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  1. #1
    Jdawg50's Avatar
    Jdawg50 is offline Anabolic Member
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    Aug 2002

    I knew I should have invested in Gold.....

    Gold stays close to 17-year high
    By Kevin Morrison
    Published: September 15 2005 12:03 | Last updated: September 15 2005 21:01

    Gold on Thursday moved to within striking distance of its highest level in more than 17 years as speculators continued to buy the precious metal as a hedge against further falls in the dollar due to the high US trade and budget deficits.


    Bullion peaked at $455.10 a troy ounce in London trade, its highest level since last December’s peak of $456.75, which in turn was a level previously reached in December 1987.

    George Gero, a gold trader at Legg Mason in New York, said speculators were continuing to buy gold because they thought the dollar might have further to fall. The late rise came despite weakness in the euro. Gold normally moves in tandem with the single currency, but it has de-coupled on several occasions this year as investors have attempted to value the precious metal as a currency.

    “There is a lot of interest in gold at the moment, I think we could be looking at new highs very soon,” said Mr Gero.

    If gold does break last December’s high it will be the longest bull market run for bullion since it was freely floated in 1968. The metal’s fortunes turned around in the summer of 2001 when it hit a 22-year low of almost $250 a troy ounce. The rise is largely the result of a decline in the dollar.

    Gold’s gain also pushed other precious metals prices higher. Silver reached an intra-day high of $7.07 a troy ounce, before settling at $6.97/$7.00. Platinum reached an intra-day high of $916 a troy ounce. Traders said if platinum continues its advance it could make an assault on its 24-year high of $942 touched in April 2004.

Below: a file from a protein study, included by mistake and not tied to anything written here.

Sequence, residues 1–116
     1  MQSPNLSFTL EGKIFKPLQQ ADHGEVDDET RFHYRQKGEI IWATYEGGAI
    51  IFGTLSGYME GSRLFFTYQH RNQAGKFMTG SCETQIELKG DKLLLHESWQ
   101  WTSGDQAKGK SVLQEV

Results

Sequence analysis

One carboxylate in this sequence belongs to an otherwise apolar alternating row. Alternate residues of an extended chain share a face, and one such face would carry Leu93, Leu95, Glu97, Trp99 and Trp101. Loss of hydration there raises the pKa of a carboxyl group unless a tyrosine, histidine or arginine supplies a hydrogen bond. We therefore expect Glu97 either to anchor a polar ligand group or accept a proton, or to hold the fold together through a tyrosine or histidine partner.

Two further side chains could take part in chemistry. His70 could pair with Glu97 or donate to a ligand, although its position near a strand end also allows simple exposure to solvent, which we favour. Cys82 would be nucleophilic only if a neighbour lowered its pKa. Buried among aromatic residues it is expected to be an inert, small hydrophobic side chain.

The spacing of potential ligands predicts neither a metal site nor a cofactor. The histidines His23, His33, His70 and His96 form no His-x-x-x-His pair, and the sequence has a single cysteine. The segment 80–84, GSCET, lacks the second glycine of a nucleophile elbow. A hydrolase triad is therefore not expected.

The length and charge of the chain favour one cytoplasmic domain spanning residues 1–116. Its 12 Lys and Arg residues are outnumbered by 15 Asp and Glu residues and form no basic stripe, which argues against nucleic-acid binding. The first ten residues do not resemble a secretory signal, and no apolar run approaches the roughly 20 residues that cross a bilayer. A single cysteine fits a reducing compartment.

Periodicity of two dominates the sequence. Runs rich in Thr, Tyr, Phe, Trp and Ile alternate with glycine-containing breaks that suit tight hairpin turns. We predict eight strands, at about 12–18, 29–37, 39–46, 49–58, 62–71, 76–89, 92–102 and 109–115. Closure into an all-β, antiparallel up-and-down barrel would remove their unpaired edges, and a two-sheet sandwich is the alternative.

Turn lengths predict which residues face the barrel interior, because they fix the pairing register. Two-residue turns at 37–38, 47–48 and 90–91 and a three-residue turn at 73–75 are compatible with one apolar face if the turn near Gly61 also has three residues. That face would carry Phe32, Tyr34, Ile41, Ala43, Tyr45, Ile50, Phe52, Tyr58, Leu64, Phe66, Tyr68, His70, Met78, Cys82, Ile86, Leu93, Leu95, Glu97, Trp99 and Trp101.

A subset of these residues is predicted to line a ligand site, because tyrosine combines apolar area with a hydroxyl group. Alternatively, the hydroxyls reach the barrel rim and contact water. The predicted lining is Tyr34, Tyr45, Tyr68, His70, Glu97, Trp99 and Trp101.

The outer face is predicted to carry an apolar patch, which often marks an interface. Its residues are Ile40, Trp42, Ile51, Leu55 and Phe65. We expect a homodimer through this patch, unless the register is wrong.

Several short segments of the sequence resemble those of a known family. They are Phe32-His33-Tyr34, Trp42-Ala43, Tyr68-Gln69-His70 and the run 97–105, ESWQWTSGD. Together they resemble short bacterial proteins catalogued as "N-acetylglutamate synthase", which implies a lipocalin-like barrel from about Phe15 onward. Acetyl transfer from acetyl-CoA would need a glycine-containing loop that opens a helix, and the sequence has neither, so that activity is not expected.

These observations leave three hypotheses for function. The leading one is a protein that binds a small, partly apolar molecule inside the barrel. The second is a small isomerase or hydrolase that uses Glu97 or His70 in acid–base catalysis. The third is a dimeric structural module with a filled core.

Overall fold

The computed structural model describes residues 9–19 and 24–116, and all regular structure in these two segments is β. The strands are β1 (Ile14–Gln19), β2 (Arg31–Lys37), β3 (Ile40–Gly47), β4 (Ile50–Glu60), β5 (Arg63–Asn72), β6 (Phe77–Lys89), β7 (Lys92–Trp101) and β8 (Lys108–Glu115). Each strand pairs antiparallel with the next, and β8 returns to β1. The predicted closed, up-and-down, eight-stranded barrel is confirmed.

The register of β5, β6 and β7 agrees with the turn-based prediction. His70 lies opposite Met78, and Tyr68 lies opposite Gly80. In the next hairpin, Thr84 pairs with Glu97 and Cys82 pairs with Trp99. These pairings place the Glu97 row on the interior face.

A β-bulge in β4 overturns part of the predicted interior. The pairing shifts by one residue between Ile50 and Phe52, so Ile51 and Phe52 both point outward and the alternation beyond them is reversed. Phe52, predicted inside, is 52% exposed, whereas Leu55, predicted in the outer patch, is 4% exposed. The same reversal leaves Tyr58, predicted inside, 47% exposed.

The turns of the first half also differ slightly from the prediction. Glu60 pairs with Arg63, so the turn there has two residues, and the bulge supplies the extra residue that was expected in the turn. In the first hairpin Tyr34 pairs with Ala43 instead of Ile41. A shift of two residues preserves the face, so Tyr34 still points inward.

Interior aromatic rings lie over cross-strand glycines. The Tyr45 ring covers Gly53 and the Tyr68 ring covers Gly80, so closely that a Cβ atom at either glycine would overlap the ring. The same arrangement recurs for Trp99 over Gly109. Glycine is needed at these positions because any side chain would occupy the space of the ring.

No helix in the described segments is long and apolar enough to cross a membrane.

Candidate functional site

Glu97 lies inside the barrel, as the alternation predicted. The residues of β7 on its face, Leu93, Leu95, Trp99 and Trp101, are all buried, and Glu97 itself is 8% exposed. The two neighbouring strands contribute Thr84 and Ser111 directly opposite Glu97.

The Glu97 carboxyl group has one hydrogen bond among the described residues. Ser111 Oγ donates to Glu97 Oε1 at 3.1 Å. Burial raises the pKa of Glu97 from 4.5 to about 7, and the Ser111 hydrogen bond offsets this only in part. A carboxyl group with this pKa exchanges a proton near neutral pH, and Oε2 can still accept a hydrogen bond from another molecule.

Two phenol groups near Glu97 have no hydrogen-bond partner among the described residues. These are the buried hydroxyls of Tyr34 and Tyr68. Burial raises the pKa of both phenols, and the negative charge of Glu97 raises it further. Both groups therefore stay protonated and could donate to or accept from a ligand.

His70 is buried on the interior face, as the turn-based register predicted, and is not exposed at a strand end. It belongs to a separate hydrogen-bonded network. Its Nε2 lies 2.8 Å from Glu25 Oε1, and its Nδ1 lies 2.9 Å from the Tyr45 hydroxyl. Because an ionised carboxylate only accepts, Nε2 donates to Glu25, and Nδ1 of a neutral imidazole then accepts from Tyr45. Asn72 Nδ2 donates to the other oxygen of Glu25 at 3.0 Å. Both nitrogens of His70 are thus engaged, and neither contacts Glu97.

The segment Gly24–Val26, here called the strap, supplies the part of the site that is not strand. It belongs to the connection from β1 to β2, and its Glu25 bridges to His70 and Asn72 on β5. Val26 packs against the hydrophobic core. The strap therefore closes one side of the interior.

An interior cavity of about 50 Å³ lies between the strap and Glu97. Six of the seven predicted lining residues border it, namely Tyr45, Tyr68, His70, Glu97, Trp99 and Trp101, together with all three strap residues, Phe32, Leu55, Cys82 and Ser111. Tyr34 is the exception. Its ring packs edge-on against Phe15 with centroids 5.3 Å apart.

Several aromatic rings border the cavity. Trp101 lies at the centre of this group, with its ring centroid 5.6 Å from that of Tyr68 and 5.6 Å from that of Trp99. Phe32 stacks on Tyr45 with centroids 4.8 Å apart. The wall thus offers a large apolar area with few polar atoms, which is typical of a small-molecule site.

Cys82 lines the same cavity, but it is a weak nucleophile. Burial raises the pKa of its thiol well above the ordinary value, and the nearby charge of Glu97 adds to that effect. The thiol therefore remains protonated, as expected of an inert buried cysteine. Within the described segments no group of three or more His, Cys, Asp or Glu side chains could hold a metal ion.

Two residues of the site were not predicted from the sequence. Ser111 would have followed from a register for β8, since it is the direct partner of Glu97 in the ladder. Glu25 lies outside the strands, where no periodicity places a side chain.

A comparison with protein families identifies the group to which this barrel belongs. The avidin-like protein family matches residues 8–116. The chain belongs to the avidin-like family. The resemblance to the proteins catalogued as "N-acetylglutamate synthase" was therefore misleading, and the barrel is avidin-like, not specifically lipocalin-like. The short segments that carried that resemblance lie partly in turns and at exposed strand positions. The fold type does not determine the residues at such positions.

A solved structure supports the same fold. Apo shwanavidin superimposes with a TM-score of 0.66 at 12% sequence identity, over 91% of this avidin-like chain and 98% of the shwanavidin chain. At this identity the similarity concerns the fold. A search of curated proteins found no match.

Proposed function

The gains in precious metals were not shared in base metals where nickel prices dropped below $13,000 a tonne on the London Metal Exchange, their lowest level since December 2004. Traders said the price fall reflected fading concerns about a workers strike at mines operated by Inco, the Canadian nickel producer.

    Oil prices were volatile with early gains inspired by fears of inadequate winter fuel supplies in the US. But the gains were reversed in later trades as the focus turned to the threat of declining demand.

    The Organisation of the Petroleum Exporting Countries, the oil cartel, said 2005 demand would increase by 1.7 per cent to 83.5m barrels a day, down from its previous estimate of a 1.9 per cent rise.

    IPE Brent for October delivery slipped 21 cents to $63.16 a barrel at the close of London trade, having reached close to $64 earlier in the day.

    October Nymex WTI eased 34 cents to $64.75 a barrel in New York trade. US gasoline and heating oil futures were also lower.


  2. #2
    books555's Avatar
    books555 is offline Senior Member
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    Jan 2005
    I do believe Golds value will for the most part continue climb. Gold is an excellant safety net if anything happens to our economy.

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